RSTV – Challenges for working mothers

  • IASbaba
  • October 31, 2018
  • 0
The Big Picture- RSTV
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Challenges for working mothers



General studies 1:

  • Role of women and women’s organization, women related issues, Social empowerment

General studies 2:

  • Mechanisms, laws, institutions and Bodies constituted for the protection and betterment of these vulnerable sections.

In News: Like any other day, Archana Jayant was present along with her six-month-old daughter, Anika, in the police station in Uttar Pradesh’s Jhansi district, but was clicked by someone and her picture went viral on social media last week. The Deputy Inspector General of Police applauded the dedication of Archana who also has a 10-year-old daughter.

Woman is an integral part of the society. According to census 2011, females contribute to 48.5% of the Indian population. Traditionally, Indian women had been home makers. In late decades, with the spread of education and better awareness, along with increasing cost of living, women have shifted from home to career. Like many other countries, India has provided a stage for growth and development for women. However, women in India are still seen as the family manager back home. This attitude of the society has put dual responsibilities on women: pursuing a career and economic independence, while continuing, to bear the stress of household work. It can eventually take a toll on women’s physical and mental health.

The plight of scores of other working mothers is no different from Archana’s. Lack of proper infrastructure means mothers have to suffer to be bread winners or support their families. Several other mothers give up on their careers and lifestyle due to lack of adequate facilities. Those in the un-organised sector however, don’t even have that option, their plight is far worse.

The biggest challenge to work as women in this country and then when you are a mother it adds to your challenges.

  • Lack of infrastructure not only in physical infrastructure but the sensitivity that should be present across the companies, across government towards a lactic mother or any other mother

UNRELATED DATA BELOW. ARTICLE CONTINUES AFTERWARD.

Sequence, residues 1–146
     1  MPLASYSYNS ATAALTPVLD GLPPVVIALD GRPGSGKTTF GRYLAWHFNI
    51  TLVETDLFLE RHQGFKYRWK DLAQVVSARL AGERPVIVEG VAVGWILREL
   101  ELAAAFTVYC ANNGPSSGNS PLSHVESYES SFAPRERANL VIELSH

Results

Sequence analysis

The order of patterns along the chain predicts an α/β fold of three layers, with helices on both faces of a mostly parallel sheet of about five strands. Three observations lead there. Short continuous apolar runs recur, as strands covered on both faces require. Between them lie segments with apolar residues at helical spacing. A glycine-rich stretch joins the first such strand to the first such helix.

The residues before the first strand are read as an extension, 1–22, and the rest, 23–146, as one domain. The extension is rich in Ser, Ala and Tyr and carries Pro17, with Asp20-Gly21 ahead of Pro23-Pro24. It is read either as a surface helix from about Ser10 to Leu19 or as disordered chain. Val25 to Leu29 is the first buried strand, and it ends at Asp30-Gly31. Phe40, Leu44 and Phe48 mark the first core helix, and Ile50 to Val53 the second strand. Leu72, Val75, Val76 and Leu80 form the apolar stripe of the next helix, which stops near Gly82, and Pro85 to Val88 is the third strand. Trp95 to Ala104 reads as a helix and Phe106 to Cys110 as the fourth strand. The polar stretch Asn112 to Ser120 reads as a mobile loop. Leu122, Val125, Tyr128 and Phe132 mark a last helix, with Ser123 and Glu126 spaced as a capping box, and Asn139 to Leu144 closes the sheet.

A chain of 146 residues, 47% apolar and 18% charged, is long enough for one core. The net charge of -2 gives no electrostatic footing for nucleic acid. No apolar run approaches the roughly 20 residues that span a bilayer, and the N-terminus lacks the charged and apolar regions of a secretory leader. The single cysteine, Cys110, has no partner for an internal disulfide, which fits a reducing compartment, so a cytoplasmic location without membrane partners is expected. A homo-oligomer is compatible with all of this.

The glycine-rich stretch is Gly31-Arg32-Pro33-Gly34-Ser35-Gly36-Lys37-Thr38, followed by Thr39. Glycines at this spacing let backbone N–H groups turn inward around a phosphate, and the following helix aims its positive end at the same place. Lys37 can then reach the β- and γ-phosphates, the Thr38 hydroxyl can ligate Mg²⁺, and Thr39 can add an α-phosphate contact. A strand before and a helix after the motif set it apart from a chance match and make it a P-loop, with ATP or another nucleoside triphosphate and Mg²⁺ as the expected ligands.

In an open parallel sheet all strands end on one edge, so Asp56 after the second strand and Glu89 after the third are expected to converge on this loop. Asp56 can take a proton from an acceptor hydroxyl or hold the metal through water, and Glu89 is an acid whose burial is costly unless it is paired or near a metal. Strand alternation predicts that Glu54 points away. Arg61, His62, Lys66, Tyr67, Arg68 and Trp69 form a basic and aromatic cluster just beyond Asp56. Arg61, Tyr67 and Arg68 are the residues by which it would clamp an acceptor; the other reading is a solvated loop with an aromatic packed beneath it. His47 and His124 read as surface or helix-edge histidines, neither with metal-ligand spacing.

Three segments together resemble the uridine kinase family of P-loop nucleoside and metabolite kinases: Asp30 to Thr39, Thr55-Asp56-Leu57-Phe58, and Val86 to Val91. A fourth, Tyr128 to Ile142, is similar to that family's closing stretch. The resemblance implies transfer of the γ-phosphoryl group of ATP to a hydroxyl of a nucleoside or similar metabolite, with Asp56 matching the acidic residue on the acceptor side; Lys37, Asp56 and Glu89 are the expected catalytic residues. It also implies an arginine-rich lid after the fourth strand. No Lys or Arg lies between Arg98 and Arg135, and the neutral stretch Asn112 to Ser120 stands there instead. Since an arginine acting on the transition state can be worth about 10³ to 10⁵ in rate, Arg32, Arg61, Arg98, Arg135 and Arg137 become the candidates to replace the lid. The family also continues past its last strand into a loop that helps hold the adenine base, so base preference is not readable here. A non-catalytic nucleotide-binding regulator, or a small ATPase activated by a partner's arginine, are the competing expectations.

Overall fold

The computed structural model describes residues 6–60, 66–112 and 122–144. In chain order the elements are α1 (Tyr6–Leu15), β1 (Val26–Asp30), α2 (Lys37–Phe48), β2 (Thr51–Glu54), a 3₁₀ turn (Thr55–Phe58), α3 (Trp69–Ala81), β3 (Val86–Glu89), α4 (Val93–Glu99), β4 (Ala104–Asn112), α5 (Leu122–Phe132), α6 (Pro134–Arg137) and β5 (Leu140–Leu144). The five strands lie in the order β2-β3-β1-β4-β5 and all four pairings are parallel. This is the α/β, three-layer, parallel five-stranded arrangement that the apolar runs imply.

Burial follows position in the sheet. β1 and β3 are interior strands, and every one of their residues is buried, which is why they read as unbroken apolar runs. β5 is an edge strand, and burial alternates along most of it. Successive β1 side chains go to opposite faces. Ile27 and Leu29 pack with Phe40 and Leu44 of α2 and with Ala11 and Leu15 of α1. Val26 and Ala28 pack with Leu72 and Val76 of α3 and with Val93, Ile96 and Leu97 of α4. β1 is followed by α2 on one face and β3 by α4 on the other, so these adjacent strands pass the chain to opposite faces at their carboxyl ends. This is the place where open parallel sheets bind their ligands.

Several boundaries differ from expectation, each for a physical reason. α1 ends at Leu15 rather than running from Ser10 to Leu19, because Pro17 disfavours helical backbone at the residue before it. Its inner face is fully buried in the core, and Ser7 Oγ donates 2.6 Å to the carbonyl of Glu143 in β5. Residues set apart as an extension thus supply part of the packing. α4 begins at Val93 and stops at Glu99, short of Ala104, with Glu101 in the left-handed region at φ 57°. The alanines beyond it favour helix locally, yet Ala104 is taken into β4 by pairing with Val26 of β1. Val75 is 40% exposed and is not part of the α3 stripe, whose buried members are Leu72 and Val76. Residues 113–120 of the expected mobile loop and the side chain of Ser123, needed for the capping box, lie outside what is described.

• To be able to be approachable for her specific needs or be considerate for her needs like flexible working hours
  • For some, it is easy to say that now after becoming a mother, take a break and come after a few years. What happens therefore is when she is back after a gap she doesn’t get the job she deserves and thus, another set of challenges and struggles are set for her.

Some of the solutions that can be incorporated:

At policy level:

  • Every establishment which is engaging more than 10 women must have a creche and must have good facilities for the women
  • An amendment in the maternity Act was also introduced that is all women in this country who are working are entitled to avail the facility of 26 weeks of maternity leave so that they can take care of their infant.

At an organisation level:

  • Crèche on campus
  • Mother’s resting and feeding room
  • Performance rating for new and entrant mothers will not be affected by their absence from work during maternity. Performance appraisal guidelines from CEO and HR must clearly communicate that maternity, long leave and special leaves are given appropriate ratings, and should be transparently communicated and implemented across the organization.
  • Active support from the team manager or business leader, to organize the workload of expectant mothers going on maternity leave, while ensuring continued performance of the team in their absence.
  • “On-ramping” of women employees who return from maternity—re-skilling and re-integrating as a key priority to engage them back to work.
  • Flexi-time work policies for new and entrant mothers during for the first year of their return from maternity. This can be equally applied by manufacturing, finance, banking, IT-related, pharma, hospitality, telecommunications—and all sectors of the economy.
  • Options to work from home during maternity—especially if this is part of the medical advise to expectant mothers.
  • Gender sensitization and awareness training programs for other employees and managers.
  • Grievance Redressal Council—especially for women employees who have resumed post maternity.
  • Congratulatory triggers should be sent to those who have applied for maternity and paternity leave. This practice is usually very well received and has tremendous emotive appeal.


We, as a society, are in deep slumber on these issues concerning women. I think it’s time that we started talking about equal partnerships at home with her husband. But what does she do when she leaves the confines of her home and goes to a workplace – you can’t negotiate from a position of weakness. Even the working father should be able to demand a crèche. It should not be just the responsibility of a mother to raise the child. A tragic question to ponder upon as we struggle as a country to benefit from the demographic dividend that we are blessed with!

Connecting the Dots:

A World Bank study suggests that female labor force participation has been declining since 2004 in comparison to other developing countries as far as India is concerned. How do we reverse that trend really? Discuss.

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